Pop Culture

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Friday Miscellany

I got book edits this week, gave an exam on Thursday, and pre-registration for our spring term classes is just beginning, so I have a parade of students begging to get into this course or that one to deal with. So I have no more time for detailed blogging, but will do a bit of…

Least Physics-y Physical Activity?

I’m running errands today, so here’s a quick post picking up a question from last week’s Olympic physics hangout: What sport involves the least physics? One of the kids in the classes we were video chatting with asked that, and I really like the question, though it was a struggle to answer. It’s one of…

Olympic Physics Chat

I spent a while on Friday morning talking about the physics of the Olympics with a couple of science classes in Tennessee and Lawrence Norris from the National Society of Black Physicists, organized by Adam “@2footgiraffe” Taylor. This was done via a Google hangout, so the video is recorded on YouTube: The recording seems to…

On the Steering of Sleds

In the previous post about luge, I mentioned that there was one thing that came up when Rhett and I were talking about this, namely why there are differences in times between racers. The toy physics model I set up last time suggests that the difference between riders is only a matter of aerodynamics– two…

On Irony and Ivory Towers

The outrage of the moment in academic circles is this Nick Kristof column on how academics need to be more engaged with a broader public. And it’s really impressive how he manages to take an idea that I basically agree with– I regularly give talks on the need for scientists to do more outreach via…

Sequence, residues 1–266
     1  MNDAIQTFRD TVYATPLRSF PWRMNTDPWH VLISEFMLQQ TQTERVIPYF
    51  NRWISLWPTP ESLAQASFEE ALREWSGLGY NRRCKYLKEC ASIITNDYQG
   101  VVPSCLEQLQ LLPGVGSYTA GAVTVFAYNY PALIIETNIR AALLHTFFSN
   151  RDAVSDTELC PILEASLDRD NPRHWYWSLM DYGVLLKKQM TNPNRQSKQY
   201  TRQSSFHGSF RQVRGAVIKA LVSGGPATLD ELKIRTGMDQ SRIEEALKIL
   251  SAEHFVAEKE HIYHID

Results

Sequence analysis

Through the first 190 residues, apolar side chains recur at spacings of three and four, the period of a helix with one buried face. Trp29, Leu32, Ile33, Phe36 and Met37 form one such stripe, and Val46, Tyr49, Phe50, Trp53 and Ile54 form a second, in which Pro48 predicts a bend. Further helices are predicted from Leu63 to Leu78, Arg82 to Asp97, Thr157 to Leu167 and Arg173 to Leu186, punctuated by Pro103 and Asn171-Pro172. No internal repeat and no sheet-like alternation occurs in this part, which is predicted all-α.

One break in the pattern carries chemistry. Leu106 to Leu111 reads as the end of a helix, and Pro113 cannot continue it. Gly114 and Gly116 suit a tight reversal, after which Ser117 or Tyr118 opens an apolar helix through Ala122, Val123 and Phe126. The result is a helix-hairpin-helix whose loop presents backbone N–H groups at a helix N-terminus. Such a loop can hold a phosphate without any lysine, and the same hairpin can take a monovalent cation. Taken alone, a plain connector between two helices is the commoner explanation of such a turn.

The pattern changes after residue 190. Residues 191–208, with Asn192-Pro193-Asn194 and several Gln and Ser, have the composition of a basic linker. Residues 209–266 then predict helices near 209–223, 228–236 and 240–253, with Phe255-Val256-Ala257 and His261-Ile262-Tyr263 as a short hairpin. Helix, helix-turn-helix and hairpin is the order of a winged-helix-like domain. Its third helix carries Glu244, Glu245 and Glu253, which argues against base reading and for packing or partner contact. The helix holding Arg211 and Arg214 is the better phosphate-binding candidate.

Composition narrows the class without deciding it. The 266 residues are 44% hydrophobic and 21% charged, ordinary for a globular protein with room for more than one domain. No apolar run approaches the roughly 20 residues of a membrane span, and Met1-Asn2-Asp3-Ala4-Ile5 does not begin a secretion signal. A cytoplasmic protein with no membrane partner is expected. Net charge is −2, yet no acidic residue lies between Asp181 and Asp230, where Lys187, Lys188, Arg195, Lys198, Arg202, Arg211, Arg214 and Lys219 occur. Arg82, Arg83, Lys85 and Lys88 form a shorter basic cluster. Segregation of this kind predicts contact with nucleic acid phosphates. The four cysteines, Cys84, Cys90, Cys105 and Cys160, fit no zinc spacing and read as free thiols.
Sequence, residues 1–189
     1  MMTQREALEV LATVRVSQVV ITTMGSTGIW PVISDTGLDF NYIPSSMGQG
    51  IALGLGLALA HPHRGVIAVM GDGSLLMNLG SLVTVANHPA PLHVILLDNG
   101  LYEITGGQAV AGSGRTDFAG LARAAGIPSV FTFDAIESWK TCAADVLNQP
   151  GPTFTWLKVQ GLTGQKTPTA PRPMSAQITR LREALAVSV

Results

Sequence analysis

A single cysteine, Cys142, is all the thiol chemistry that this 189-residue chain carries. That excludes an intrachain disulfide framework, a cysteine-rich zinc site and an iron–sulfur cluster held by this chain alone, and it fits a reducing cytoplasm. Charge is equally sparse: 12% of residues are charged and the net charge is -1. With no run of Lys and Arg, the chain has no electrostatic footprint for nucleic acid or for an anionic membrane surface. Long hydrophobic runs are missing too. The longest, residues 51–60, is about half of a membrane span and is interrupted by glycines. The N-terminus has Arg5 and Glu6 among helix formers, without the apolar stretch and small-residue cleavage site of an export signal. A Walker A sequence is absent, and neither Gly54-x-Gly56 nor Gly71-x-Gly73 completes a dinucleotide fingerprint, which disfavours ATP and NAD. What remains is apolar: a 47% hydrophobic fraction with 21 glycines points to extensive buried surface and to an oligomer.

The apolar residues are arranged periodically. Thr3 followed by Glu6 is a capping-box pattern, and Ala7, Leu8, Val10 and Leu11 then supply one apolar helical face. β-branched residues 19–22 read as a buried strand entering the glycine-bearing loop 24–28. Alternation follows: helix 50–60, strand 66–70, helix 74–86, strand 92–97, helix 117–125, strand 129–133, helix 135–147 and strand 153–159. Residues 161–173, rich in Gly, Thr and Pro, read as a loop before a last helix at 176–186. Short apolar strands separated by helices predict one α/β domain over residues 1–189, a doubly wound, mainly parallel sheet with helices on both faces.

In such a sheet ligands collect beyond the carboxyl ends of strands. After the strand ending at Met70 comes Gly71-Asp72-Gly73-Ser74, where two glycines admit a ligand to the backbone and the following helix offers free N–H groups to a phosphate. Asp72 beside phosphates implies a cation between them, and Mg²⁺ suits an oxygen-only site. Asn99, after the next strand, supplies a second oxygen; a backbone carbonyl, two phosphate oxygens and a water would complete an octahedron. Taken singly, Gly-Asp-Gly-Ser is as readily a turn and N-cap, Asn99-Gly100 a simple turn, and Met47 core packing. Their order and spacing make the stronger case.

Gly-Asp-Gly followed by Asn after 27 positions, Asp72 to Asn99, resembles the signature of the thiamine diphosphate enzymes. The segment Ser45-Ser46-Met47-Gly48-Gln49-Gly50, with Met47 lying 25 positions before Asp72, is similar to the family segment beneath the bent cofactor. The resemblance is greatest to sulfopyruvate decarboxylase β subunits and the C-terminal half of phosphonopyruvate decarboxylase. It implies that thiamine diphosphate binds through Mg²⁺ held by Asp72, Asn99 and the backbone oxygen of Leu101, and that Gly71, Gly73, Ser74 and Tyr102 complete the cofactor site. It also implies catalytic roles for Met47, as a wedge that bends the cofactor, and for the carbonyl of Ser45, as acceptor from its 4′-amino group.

The Physics of Crazy Sleds

In the Uncertain Dots hangout the other day, Rhett and I went off on a tangent about the physics of the Olympics, specifically the luge. If you’re not familiar with this, it’s basically psycho sledding: people riding tiny little sleds down a curved track at 80mph. The “featured image” above shows Erin Hamlin of the…

The Social Construction of Gravity

One of the more annoying points of contention back in the days of the Sokal hoax and the “Science Wars” was an argument over social construction. This is, loosely speaking, the idea that our understanding of the world is not strictly rational and objective, but is heavily influenced by interactions with other people, and the…

Work. Finish. Publish.

A couple of days ago, John Scalzi posted a writing advice open thread, asking people to share the best advice they’d gotten on the craft of writing. There’s a lot of good stuff in there, much of it fairly specific to fiction writing– stuff about plotting, the use of synonyms for “said,” how to keep…

It’s taken me a disgracefully long time to finish the review copy of Lee Billings’s Five Billion Years of Solitude I was sent back in the fall, mostly because I didn’t read anything not immediately related to the book-in-progress for most of November and all of December. Which is to say, the long delay is…

Sports Are Science

Unless you’ve been marooned on a desert island for the last couple of weeks– or, you know, foreign– you’re probably at least dimly aware that the Super Bowl is this evening. This is the pinnacle of the football season, and also the cue for lots of people to take to social media proclaiming their contempt…